In this page find information about localization (L10N, LCN) of software components in openSUSE. It applies for programs such as YaST, the openSUSE update applets, or the menu system of the desktop. For information about localizing the openSUSE wiki (this site), see Help:Translation.
All translators should join openSUSE Weblate translation portal. All openSUSE translations are done there.
To work with openSUSE Weblate, you don't need any programming skills. You even don't need to know translation files formats. You just need a good knowledge of the selected language, and the established computer terminology.
Joining an Existing Team
All translators are encouraged to join opensuse-translation mailing list and eventually language team lists.
If a language team exists for your language, contact coordinator of the team.
Adding a new language
There is no technical limit for the translation. Most projects allow you to start new translations by a single click. But getting a good native language experience requires a lot of work. So it is recommended to have a translation team.
If your language is already included in the Localization team list, a team for your language exists. Find Information about joining a team in Joining a Existing Team. If there is no team for your language, start one and proceed as follows:
- Mail to email@example.com. Within your mail, provide the following information: new language name, your full name, your contact mail address.
- Wait for approval of the new language project.
- Add your language to the table of localization teams. Also fill out the fields about the language coordinator and the location of your project pages, see Language Project Page.
- Start with localization. Read Starting Work before you begin.
Translation with Weblate
You can get a good overview about all translation projects, their status and translation files with openSUSE Weblate. Use your general openSUSE account there. Anybody could create it.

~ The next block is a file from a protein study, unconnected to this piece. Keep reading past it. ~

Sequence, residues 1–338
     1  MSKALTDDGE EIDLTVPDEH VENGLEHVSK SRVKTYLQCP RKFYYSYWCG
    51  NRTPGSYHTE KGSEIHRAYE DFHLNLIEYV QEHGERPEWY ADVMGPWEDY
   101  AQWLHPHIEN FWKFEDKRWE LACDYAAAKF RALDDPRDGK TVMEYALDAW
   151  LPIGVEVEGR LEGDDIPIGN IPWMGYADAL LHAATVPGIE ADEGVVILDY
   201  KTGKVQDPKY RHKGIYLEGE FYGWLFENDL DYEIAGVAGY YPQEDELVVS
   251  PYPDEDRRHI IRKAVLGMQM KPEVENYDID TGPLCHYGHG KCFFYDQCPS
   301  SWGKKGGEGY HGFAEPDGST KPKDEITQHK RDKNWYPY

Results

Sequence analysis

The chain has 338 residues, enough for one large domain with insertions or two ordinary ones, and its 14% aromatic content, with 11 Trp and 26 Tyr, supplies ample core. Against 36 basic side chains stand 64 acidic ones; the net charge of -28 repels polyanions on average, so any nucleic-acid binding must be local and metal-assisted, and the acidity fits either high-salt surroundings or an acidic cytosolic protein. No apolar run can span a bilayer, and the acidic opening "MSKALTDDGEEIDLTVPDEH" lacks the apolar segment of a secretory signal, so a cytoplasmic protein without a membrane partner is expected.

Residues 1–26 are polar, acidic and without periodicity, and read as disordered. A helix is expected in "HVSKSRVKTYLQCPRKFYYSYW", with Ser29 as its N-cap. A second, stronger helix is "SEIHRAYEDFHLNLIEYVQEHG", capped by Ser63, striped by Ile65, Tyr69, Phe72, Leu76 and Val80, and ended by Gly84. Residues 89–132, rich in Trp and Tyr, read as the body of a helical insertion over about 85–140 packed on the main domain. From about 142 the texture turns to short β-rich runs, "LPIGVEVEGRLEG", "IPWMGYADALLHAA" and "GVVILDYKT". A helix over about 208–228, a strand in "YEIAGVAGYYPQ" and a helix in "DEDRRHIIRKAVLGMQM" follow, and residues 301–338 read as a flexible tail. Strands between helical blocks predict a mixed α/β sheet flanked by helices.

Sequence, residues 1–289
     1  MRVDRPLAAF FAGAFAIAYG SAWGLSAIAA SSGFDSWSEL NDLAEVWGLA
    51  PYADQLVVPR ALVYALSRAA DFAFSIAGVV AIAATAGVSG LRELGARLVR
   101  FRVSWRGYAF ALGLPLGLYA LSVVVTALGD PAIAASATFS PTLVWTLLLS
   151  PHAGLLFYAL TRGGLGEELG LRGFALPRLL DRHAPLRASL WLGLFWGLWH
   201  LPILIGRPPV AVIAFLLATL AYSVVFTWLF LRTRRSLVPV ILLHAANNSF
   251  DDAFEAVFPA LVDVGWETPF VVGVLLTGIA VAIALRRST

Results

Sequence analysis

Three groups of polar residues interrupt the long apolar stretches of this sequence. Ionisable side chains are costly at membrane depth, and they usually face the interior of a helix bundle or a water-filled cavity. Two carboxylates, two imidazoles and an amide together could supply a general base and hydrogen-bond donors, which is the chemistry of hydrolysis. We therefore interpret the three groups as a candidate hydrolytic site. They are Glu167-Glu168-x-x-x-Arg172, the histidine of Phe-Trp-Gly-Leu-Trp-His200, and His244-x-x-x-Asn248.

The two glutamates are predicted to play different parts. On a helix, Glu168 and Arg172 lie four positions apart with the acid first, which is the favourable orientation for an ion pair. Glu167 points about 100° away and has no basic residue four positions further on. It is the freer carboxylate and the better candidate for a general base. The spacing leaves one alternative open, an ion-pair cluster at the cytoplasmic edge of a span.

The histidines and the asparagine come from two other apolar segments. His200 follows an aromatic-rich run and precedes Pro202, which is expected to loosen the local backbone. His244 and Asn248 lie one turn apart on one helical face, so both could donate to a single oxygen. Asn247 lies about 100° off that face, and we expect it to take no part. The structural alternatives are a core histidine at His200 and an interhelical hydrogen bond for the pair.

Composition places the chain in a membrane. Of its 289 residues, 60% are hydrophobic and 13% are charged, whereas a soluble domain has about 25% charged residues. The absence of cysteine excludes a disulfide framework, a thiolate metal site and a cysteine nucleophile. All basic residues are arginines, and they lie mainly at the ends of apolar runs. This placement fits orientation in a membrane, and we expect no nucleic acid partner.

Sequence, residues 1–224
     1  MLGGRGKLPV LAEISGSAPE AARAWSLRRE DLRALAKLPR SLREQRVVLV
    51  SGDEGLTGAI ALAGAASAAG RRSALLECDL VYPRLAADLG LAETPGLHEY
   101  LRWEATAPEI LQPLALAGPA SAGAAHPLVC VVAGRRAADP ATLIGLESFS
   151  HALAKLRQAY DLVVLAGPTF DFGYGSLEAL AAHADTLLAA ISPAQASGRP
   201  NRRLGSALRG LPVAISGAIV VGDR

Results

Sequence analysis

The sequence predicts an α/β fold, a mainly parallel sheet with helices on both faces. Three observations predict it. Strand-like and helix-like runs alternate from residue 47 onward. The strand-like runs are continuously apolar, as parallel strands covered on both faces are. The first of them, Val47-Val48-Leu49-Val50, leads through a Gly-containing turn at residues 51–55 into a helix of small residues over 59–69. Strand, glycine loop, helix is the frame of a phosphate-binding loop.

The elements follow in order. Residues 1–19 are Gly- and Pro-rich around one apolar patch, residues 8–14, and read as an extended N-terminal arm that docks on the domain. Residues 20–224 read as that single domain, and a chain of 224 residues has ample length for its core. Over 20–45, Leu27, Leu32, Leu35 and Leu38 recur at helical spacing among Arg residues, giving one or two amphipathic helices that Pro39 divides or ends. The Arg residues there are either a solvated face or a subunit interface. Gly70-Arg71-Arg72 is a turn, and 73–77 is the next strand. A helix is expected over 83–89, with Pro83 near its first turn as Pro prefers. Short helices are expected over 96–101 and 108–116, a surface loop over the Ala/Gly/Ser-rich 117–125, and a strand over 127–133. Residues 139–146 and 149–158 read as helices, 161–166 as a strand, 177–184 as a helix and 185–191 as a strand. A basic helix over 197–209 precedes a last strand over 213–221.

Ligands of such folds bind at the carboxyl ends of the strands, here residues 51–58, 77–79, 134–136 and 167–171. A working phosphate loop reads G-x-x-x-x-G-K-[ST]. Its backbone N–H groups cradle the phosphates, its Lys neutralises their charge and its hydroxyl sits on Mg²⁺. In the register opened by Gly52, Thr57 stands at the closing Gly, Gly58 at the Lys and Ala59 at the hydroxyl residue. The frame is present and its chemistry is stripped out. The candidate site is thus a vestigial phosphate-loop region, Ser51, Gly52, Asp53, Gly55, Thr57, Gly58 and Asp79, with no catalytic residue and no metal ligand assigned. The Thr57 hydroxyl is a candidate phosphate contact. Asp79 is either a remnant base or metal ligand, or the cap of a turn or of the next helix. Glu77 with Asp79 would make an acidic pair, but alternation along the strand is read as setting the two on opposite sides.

Language teams can limit access as agreed by the team policy.
You should change only files of your language team.
The translations are split to projects and components. Components can be branches or subdomains of the project, or their combination.
Packages can have different branches, which is reflected as different components in Weblate. A branch is a directory with a specific version of files. So you can find different translation files for the same software. Most of the projects has a master or main branch intended for Tumbleweed, and projects can have specific branches for Leap and SLE. You needn't translate components with SLE in the name. Such files are translated by SUSE for SUSE Linux Enterprise. We share our systems with them.
Many projects don'have these dedicated branches, and the translation development is common for both Tumbleweed and the next Leap.
After that you can select your language.
However there is available a PO download button, and local offline translation is still supported, translators are encouraged to translate online in Weblate.
Simply choose "Not translated string" and you can enter your translations in the web interface.
The Most Important projects
If you are at the beginning of localization, you should start with the most important files. These files belong to the most visible applications of the openSUSE distribution, like installation or YaST Control Center. The most important files are:
Software installation and rollback: